Jack jumped up and took Linda by the hand. It was warm to his touch, and so much friendlier than the printed circuits he was used to. Jack had no doubt he could trust her, now. She was too beautiful to be lying.

Jack and Linda left the dining hall. The POKEYs were too busy guzzling guava jelly to notice.

They turned south and began walking down a forest green hall lined with oddly-shaped green and yellow bushes. Every other bush had a snoozing POKEY underneath it.

"Shh," Linda whispered, "they're sleeping. When the interrupt request comes we'll have to be very careful. Whoever's doing it takes over all the POKEYs in the I/0 chamber. We will be terribly outnumbered."

They had come to a small gap carved into the silicon wall. Upon climbing through, Jack and Linda found themselves on a catwalk bolted to the mirror smooth walls of the serial bus. To their left stretched the output port, a dark pipeline to the outside world. To their right lay the I/O hall, carpeted with a thousand POKEYs, resting now after their hard day's labor. The overhead lights had been turned down low; the hall glowed a mellow gold.

"Be very careful, Jack, we're at the mouth of the output line. If you were to fall off here you would be sucked out into the disk drive. Every once in a while, we lose one of the POKEYs that way. When the data bits come through, press your back against the wall and they'll glide right by."

"How long will we have to wait?" Jack could hear the faint sound of snores coming from the POKEYs hundreds of feet below. The evening was cool and very calm. He was beginning to feel a bit more relaxed.

"Here it comes now!"

There was an electric buzzing in the air. The sleeping POKEYs awoke. Their brown eyes grew as big as dinner plates. From the back of the room came a whine, then a red sphere crackling with static electricity rolled into the center of the chamber.

"That's the interrupt. Now he'll take control," Linda whispered.

In the silence, Jack could feel Linda's heart pounding as she stood next to him.

A disembodied voice came from the red sphere, crackling as it spoke. It sounded a little like Rudy Vallee.

"Good evening I/O POKEYs. This is Hi-Top Harry. Prepare to receive data."

The POKEYs scrambled to position.

"Begin to receive data."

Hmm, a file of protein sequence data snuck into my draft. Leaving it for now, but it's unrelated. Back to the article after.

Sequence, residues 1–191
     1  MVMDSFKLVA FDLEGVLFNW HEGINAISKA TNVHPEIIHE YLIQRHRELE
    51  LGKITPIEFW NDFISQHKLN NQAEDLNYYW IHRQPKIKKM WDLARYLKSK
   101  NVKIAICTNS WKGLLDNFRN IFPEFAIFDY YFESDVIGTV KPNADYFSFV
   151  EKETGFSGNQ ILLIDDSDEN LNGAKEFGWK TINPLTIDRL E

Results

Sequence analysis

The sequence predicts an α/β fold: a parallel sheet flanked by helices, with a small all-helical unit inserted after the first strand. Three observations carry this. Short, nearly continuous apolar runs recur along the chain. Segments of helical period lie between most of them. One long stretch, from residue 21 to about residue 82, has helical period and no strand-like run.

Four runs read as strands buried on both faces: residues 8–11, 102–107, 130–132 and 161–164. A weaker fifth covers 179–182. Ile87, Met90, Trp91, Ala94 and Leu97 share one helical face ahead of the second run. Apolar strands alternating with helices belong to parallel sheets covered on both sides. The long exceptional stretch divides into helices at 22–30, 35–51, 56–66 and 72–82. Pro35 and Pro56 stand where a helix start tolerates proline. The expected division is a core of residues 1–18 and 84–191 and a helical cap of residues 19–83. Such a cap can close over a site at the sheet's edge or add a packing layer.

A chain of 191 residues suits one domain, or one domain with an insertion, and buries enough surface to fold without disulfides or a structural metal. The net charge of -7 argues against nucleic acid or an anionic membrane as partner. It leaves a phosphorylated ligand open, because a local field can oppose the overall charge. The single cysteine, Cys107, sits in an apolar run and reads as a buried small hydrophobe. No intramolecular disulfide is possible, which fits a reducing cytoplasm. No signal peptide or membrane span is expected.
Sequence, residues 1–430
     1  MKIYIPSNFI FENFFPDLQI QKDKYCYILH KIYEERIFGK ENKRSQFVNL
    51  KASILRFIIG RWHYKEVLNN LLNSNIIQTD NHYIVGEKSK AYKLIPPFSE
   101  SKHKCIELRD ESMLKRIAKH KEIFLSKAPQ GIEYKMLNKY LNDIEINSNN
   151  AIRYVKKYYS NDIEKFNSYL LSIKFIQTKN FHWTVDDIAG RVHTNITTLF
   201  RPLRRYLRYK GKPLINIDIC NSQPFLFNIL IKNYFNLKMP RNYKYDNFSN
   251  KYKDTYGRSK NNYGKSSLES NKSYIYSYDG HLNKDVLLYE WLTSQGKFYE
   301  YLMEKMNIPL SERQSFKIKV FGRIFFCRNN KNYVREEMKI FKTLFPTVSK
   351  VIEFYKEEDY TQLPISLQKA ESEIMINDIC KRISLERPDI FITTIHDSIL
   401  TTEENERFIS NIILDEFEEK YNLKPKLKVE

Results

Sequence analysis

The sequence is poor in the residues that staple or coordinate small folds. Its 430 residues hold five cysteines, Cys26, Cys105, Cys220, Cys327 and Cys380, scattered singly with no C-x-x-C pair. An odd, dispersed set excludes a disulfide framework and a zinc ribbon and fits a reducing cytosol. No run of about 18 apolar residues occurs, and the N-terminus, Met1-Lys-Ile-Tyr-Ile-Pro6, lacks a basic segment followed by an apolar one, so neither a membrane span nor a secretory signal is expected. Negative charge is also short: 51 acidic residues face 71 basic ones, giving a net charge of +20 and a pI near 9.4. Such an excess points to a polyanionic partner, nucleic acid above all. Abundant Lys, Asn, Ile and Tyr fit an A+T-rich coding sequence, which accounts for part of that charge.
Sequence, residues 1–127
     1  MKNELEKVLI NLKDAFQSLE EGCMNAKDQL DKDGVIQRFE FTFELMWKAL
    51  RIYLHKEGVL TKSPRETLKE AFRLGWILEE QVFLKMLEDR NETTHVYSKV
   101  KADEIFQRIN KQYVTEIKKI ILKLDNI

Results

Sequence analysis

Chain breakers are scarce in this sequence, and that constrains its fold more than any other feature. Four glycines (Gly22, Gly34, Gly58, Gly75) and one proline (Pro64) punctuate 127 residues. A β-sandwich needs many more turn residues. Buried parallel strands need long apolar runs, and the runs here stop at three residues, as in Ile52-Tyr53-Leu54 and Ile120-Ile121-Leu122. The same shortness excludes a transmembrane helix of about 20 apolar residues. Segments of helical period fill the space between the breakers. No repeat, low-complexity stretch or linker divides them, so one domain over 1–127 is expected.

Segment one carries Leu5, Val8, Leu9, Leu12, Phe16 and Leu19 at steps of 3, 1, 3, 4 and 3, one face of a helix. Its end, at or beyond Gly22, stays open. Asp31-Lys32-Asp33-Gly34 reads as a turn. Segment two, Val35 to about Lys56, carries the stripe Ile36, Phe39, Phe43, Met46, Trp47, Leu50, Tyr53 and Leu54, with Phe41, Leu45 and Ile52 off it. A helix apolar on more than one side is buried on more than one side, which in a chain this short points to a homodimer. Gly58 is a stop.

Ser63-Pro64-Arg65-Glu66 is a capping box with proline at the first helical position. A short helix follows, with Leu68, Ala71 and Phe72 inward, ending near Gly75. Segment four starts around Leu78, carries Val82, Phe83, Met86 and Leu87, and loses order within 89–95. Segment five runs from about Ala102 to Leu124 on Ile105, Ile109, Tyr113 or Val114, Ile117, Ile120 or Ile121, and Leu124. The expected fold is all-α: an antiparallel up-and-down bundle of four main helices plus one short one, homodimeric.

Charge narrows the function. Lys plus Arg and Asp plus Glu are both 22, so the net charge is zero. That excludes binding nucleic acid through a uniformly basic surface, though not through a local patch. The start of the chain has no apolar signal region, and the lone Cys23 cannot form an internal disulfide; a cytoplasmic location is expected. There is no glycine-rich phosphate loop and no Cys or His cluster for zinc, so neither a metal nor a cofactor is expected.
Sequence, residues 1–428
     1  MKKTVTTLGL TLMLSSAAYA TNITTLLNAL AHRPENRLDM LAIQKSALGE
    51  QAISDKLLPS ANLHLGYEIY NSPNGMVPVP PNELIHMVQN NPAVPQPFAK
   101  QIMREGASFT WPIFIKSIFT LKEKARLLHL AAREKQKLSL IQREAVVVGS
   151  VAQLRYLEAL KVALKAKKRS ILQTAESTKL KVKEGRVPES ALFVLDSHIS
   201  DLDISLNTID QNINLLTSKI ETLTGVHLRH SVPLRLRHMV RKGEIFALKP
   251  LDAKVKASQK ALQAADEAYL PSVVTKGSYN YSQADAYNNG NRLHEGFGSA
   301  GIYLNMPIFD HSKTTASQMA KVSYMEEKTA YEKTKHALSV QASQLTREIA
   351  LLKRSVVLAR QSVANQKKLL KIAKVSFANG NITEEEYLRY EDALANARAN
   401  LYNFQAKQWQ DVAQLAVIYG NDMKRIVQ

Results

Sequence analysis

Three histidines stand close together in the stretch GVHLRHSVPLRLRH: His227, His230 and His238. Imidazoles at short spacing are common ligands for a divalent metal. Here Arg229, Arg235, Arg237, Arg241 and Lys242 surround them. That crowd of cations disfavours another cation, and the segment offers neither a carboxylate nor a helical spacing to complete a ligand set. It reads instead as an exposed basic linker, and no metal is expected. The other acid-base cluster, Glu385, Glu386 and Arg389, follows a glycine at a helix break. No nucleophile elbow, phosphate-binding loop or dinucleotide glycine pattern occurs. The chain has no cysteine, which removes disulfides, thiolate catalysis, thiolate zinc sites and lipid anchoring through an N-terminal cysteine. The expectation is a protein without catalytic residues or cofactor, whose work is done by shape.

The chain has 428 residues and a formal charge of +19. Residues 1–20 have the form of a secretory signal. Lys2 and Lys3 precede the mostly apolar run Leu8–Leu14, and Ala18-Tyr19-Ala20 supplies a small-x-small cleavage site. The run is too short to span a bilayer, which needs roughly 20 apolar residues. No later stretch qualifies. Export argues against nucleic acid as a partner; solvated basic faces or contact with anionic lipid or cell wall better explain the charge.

Jack leaned over the flimsy rail as the POKEYs began to pull in the blue data bits from the input port across the hall. He just could barely see from where he was standing, so he leaned a little farther out.

"Be careful, Jack," Linda whispered urgently, "you'll fall off."

Jack hardly heard her, he was too busy trying to see the data the POKEYs were onloading. He leaned farther.

Now he just could make it out. It seemed to be made tip of invoices and bills of lading for some kind of parts. He leaned farther still, and as he did, the thin metal of the rail gave way jack tried to grab it, but it was too late, his body fell, tumbling to the surface of the serial bus below.

Linda screamed. Suddenly the chamber grew very quiet, except for a crackle from the red sphere pulsing in the center of the room.

The sphere crossed the floor to where Jack lay crumpled. Its electric tentacles reached out to touch his face. He moaned.

"'He's alive!" Linda ran from the catwalk and raced down the corridor toward the floor of the I/O chamber.

The sphere spoke. "Jack Truehart, my old friend. We meet again. I should have thought that what happened to McGinty would have served as a warning to you. Ah, but then you were always the impetuous fool."

The sphere backed up and issued a command to the POKEYs.

"Prepare to send data."

The POKEYs moved into position at the head of the tunnel where Jack lay.

"Send data."

The POKEYs pulled at the packets of data that lay at the rear of the hall. A stream of data bits began to flow along the tunnel, gathering force as it approached Jack's body. It soon surrounded him in a rising tide of green and blue, pulling him from view down into the black hole of the serial bus.

Jack, barely conscious, opened his eyes in time to see the light of the I/0 hall fade to darkness as the data stream carried him toward a place from which no man had ever returned alive.

Episode 3: Next Issue